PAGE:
Synthetic Cannabidiol Explored As Potential Topical Antibiotic Interview with:

Dr Mark Blaskovich PhD Institute for Molecular Bioscience's Centre for Superbug Solutions The University of Queensland In collaboration with Botanix Pharmaceuticals Ltd

Dr. Blaskovich

Dr Mark Blaskovich PhD
Institute for Molecular Bioscience’s Centre for Superbug Solutions
The University of Queensland
In collaboration with Botanix Pharmaceuticals Ltd What is the background for this study?  

Response: Botanix is a company that has been developing topical formulations of CBD for treatment of skin diseases such as atopic dermatitis and acne, based on its reported anti-inflammatory properties. However, these diseases are also associated with bacterial infection, so they were interested in looking at potential antimicrobial activity, as there are some previous literature reports suggesting it is active. They contacted us to do some more in-depth investigations. What are the main findings? 

Response: We used standard microbiological characterization – broth microdilution assays –  to assess activity against panels of bacteria, and found CBD to be effective against a wide range of Gram-positive bacteria, but not Gram-negative or fungi. Importantly, it was effective against G+ve strains that were highly resistant to existing antibiotics. We also looked at its propensity to cause development of resistance, and found that this was also very low compared to other antibiotics. We also showed it was effective at killing bacteria within biofilms. Most our studies were in vitro (in test tubes), but a first in vivo study in a skin infection model in mice (done externally by Charles River) did show efficacy. What should readers take away from your report?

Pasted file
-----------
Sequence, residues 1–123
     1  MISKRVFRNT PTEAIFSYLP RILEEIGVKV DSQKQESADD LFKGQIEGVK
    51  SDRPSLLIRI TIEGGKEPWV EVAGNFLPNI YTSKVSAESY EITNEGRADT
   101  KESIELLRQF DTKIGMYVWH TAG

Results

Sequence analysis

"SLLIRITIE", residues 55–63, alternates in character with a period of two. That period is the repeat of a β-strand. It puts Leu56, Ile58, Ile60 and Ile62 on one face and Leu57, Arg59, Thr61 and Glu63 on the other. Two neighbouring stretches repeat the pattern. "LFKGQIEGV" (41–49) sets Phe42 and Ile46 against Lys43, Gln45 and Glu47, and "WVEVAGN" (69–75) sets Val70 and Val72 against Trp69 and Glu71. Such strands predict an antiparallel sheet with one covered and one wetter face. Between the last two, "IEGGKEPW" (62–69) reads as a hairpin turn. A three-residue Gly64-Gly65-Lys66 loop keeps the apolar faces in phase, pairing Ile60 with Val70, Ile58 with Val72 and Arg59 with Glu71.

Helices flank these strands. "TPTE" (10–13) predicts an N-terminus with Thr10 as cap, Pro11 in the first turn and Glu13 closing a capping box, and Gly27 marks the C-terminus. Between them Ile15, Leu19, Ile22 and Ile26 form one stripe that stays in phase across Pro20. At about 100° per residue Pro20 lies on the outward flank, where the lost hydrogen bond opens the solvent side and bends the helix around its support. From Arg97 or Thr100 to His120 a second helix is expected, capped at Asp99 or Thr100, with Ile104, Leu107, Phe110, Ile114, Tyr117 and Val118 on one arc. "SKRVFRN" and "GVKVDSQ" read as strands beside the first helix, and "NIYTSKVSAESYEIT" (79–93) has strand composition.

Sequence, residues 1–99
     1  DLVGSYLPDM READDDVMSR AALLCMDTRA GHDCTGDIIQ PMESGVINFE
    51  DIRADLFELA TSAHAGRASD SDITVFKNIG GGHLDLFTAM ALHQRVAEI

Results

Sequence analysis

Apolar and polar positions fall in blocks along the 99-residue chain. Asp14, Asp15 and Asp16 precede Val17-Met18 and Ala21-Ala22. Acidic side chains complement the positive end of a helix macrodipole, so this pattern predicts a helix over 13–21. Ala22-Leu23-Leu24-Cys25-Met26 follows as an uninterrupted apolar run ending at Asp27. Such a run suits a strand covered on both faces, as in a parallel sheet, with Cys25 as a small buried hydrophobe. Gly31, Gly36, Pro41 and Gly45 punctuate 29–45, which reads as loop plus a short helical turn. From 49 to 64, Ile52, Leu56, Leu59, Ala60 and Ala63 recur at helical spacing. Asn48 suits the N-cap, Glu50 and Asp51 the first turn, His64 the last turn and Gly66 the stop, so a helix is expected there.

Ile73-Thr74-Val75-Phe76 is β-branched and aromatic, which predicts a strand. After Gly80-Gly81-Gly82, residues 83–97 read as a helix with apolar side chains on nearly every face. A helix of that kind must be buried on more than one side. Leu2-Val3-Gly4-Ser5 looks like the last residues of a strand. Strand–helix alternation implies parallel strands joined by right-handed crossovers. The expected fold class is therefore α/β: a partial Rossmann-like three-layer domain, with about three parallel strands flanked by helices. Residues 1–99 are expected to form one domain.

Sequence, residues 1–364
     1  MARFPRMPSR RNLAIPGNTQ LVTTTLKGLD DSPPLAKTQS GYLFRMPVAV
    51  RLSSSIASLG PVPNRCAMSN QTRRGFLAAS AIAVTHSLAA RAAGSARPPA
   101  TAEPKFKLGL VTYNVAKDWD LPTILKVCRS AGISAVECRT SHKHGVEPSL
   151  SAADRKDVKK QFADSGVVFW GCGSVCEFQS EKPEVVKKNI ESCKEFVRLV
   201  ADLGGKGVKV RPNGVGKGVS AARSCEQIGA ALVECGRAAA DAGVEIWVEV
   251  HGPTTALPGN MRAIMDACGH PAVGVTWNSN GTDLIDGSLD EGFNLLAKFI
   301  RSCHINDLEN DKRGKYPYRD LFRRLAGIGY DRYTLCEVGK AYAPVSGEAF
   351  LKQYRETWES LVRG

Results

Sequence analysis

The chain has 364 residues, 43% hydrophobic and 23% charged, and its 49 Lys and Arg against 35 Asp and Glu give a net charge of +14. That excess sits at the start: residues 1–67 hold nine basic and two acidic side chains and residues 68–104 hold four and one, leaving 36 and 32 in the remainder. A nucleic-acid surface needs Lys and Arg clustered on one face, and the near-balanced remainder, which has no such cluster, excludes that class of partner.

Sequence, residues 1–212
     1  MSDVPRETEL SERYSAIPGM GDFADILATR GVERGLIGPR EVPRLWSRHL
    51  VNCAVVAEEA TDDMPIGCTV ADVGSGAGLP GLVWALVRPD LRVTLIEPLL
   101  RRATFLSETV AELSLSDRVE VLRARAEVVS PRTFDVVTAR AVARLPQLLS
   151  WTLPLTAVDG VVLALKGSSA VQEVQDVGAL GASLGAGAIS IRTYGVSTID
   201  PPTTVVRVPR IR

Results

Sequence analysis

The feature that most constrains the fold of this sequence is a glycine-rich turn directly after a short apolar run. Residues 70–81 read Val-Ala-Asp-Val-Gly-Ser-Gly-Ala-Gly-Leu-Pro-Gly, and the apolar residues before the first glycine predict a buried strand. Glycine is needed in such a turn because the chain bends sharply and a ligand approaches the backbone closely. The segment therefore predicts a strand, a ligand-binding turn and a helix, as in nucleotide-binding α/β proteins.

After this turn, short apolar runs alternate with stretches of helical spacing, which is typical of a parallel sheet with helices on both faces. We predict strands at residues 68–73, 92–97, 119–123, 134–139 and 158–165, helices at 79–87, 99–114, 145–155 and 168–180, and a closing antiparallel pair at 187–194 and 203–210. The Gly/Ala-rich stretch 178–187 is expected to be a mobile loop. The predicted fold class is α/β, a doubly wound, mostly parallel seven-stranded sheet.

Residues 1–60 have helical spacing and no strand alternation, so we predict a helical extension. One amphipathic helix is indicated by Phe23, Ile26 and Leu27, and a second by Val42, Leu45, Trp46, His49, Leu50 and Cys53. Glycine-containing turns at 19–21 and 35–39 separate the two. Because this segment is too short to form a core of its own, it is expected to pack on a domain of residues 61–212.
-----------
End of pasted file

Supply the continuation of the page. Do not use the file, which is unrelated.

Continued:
Response: Cannabidiol has potential as an antibiotic, but it’s still too early to say whether it will work at treating real infections in humans. Don’t self-medicate if you think you have an infection – see a doctor and use proven antibiotics. What recommendations do you have for future research as a result of this work?

Response: We don’t know yet how it is killing bacteria – it is not a simple membrane disruption as we first thought. If it was a novel mechanism of action, that would be even more exciting!

We also need to look at more in vivo models to see how likely it will be to work at treating real infections.

Disclosures: This study was partially funded by Botanix, and I am a consultant to Botanix. 


American Society for Microbiology.2019  “Cannabidiol is a powerful new antibiotic 


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